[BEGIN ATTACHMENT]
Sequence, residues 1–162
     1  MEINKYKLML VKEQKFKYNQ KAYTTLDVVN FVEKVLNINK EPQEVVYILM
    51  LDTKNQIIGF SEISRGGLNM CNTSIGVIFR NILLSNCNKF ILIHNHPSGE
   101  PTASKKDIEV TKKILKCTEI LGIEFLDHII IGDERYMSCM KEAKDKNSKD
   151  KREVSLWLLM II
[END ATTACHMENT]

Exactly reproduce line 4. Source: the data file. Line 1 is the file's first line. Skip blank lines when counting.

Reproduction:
   101  PTASKKDIEV TKKILKCTEI LGIEFLDHII IGDERYMSCM KEAKDKNSKD